I don’t do anything special. I don’t spend it online, that’s for sure. I’m not on Facebook, Twitter and all the other social media platforms. This week, we’ve got practice runs on the Silverstone first and then on the simulator. I’ll spend the remaining time trying to relax and focus on my next race.

Kimi is considering retiring after the end of the next season and possibly making a return to off-road vehicles. Do you sometimes think about your retirement, or is it too soon?
Kimi has already retired once. You never know with him. For me, it’s way too soon to start thinking about it. I want to keep racing for a long time, because I don’t feel I’ve achieved everything I planned.


Vettel is either very shy or very well trained by his PR team. It’s easy to notice how he tends to avoid controversial subjects and distinctive opinions. He often repeats that he doesn’t want to hurt, judge or defame anyone. He smiles a lot to hide his personality. He’s a nice guy, there’s not much you can hold against him. Sometimes though, when he’s annoyed with a question, he’s able to show that he knows what he wants. He seems like the type of person that doesn’t like to be contradicted. I like it, because I’m the same way.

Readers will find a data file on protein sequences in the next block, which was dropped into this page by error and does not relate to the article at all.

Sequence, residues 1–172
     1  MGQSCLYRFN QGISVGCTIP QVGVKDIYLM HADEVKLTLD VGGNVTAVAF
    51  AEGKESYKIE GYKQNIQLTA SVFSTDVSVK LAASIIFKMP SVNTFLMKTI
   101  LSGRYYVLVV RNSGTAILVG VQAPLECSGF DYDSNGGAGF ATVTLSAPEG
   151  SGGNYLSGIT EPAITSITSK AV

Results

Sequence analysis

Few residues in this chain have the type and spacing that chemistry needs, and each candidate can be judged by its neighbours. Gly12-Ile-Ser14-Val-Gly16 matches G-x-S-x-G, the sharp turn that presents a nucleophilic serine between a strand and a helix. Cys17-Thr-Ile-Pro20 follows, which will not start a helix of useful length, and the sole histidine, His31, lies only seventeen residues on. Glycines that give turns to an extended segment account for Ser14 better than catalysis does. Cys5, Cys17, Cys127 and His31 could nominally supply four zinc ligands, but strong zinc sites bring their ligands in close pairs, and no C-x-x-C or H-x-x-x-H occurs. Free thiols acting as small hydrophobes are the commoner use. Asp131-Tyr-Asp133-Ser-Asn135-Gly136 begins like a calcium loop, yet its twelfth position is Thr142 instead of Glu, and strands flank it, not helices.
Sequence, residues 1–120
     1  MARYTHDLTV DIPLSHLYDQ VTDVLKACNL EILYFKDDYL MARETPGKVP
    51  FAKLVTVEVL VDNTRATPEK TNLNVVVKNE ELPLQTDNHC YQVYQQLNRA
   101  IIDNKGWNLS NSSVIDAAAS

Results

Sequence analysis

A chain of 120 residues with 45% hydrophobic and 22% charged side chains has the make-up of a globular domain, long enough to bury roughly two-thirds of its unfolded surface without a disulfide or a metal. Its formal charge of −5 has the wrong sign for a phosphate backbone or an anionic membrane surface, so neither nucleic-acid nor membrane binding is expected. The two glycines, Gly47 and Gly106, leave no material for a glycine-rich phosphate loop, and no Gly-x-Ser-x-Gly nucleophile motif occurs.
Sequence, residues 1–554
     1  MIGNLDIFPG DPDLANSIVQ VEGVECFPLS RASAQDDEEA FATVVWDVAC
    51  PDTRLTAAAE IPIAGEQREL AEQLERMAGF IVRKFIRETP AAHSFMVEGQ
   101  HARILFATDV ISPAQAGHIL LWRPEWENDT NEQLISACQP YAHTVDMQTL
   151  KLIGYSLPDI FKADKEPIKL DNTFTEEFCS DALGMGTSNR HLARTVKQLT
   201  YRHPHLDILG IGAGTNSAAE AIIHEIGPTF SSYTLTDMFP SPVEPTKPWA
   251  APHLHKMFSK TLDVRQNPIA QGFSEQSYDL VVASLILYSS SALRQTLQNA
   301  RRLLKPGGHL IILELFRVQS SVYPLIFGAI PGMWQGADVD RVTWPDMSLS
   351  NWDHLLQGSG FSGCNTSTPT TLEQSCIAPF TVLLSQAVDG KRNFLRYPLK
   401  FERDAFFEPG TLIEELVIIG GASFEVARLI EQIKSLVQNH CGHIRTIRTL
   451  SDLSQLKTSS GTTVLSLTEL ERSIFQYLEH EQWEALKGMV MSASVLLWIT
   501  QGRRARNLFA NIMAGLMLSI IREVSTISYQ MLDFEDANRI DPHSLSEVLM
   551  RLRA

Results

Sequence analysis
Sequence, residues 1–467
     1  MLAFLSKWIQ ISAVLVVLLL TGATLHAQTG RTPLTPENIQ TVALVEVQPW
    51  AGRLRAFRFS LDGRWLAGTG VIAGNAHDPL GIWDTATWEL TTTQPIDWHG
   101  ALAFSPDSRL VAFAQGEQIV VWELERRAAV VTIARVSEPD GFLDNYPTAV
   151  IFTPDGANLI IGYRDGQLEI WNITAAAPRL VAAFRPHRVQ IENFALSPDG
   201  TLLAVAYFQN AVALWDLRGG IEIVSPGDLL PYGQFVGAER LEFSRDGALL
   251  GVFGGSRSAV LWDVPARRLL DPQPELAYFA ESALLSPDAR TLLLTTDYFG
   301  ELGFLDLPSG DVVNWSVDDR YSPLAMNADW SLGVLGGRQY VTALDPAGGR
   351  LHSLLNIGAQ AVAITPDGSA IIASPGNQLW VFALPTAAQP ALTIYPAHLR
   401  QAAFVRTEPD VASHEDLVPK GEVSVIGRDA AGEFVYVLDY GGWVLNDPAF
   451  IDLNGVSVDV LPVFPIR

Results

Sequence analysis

I realize that a thirty minute meeting is not enough to determine somebody’s character. I hate it when people judge me after a 5 minute conversation, which is why I’ll shy away from making any further judgments. What’s clear is that he’s incredibly focused on his profession and that his entire life revolves around racing. It was hard to believe but when I handed him my phone and asked him to take a selfie, he told me that he has no idea how to do it.